Steve Adams  [17:28]

I agree. And you know, you brought up something like late, one of the worst things you can do to your body is the eat after 7pm. And we get into the science of timing of eating. Because if you can learn to time your eating, that will actually improve your sleeping. So that’s a big one. So you’re right, Steve, if your chronotype is such that you’re not a morning person, you’re an evening person and you work in the evening, that’s okay. Most people aren’t. But if you’re a morning person, my encouragement would be you know, get up early and do that do your best work early. Because, you know, the neuroscience on brain health and energy is think of your brain like your cell phone battery every day. And you only have so much cognitive bandwidth, so much cognitive energy every day. So one of the things we teach is automation, you know, lay out everything the night before, get your coffee set, get your lunch made, have your breakfast decision already made, lay out your gym, clothes, everything so that in the morning, when you wake up, you just go because every time you make a decision in the morning and some of those useless things, you’re kind of wearing down the battery for the core legal work you need to do. So that’s a really big one.


Steve Fretzin  [18:44]

That’s really great advice, because we do invest energy. And you know, even this morning, I was trying to figure out what I was going to have my wife saw me open up the fridge. She’s like, What are you trying to find? I’m like, oh, boy, you know, what’s wrong expending energy to your point, you know, in a way that wasn’t really productive. And I ended up making a bad decision anyway. So there you go. Hits had a bagel, which is which delves into the poison category, right?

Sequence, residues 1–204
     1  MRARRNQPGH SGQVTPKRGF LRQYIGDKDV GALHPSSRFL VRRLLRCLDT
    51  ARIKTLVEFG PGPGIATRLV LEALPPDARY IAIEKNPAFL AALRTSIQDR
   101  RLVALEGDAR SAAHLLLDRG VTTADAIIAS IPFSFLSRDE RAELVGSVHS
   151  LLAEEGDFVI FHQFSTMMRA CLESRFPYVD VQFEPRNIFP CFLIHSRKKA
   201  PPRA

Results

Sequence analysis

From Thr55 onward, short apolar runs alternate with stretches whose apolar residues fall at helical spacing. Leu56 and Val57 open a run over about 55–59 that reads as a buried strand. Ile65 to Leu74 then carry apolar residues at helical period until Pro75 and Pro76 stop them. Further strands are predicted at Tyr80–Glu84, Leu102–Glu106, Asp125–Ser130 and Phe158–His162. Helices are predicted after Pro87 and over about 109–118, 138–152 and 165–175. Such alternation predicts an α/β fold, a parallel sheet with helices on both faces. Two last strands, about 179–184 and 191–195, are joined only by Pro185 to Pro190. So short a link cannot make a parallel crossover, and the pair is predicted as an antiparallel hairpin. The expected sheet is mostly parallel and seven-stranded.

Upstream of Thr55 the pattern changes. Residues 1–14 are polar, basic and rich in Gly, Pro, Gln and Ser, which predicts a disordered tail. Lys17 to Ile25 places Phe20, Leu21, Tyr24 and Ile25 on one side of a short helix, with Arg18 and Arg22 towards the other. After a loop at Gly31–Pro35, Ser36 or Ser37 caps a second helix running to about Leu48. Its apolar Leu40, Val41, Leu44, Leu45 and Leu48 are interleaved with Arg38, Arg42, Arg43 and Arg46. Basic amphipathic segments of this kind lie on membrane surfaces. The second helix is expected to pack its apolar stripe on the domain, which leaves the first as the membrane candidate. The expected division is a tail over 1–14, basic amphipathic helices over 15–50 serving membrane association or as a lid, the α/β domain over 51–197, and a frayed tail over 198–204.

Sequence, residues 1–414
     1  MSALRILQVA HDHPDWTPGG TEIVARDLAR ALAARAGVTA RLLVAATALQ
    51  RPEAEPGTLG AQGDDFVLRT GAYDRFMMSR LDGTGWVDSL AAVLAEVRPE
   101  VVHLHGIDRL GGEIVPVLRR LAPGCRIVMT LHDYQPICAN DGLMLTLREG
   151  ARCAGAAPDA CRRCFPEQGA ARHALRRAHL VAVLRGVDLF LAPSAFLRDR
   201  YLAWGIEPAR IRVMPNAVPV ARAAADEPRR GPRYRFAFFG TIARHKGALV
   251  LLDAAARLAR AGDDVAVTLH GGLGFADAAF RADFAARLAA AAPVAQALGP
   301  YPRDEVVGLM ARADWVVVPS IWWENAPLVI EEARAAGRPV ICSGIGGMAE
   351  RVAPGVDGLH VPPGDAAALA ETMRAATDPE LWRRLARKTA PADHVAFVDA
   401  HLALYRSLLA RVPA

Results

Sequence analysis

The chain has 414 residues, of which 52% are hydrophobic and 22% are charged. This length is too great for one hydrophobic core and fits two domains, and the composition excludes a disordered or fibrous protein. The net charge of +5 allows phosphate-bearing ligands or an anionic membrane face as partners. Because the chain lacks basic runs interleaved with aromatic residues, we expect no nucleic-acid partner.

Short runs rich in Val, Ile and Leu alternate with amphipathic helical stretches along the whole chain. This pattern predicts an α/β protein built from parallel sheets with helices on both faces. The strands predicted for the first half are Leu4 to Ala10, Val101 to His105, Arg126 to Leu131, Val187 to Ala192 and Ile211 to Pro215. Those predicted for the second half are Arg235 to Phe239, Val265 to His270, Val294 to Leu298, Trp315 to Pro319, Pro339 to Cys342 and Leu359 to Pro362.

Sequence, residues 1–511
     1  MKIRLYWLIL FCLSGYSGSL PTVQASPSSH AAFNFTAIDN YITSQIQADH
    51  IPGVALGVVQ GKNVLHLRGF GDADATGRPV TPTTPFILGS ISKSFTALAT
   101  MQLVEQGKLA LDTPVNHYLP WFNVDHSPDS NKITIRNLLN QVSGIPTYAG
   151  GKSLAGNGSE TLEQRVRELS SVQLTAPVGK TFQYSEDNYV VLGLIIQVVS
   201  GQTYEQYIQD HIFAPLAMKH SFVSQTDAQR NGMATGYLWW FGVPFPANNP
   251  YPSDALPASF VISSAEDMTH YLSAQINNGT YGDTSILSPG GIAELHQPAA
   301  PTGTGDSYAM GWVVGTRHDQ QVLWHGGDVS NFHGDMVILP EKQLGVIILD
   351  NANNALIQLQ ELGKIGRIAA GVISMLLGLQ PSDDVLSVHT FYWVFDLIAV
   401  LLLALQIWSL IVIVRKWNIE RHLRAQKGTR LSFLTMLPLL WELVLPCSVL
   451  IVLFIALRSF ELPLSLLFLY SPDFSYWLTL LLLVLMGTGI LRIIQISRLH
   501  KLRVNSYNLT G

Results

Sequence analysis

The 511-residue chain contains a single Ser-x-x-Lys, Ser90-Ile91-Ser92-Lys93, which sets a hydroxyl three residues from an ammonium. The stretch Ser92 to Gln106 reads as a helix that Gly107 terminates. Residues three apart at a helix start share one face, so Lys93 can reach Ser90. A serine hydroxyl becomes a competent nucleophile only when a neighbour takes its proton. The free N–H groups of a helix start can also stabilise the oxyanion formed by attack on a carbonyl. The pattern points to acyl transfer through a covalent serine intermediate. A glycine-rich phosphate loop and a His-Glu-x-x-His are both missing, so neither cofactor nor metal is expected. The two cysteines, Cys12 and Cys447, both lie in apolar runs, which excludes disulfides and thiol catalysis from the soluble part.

Steve Adams  [19:05]

It can be Yeah, well, not for everybody. Not for everybody. But I


Steve Fretzin  [19:09]

think you know, I’m not I know that when I eat gluten. I don’t think I have like a gluten allergy. But I definitely can feel like heavier and my brain feels a little flatter when I have gluten than when I maybe just have protein.


Steve Adams  [19:21]

I agree. And for me genetically, I learned because we genetic tests are really I learned that I don’t metabolize starch. And as soon as I got starch out of my diet, my 25 year problem with acid reflux was gone overnight. And I spent all those years with specialists and regular Doc’s they couldn’t figure it out. So look at the brain. You know, when you make decisions about things that don’t matter in your primetime, you’re leaving attention residue on that you don’t ever really completely get off from that. And here’s another thing. The research is really clear on this. Multitasking does not work. Stop doing it. It doesn’t work. And then the second thing is, don’t task switch. So when you’ve set your day up, and let’s say this is, you know, a real estate attorney, and they’ve got to create a purchase agreement, and all the documents, you know, for agreeing to a sale of a piece of real estate for that hour, or whatever it takes you to create that agreement. Don’t do anything else. Don’t check a phone, don’t answer a call. When you switch tasks, you’re burning that brain energy up fast, and you’re leaving attention residue on each one. And so therefore, you’re not going to do any of those things as well.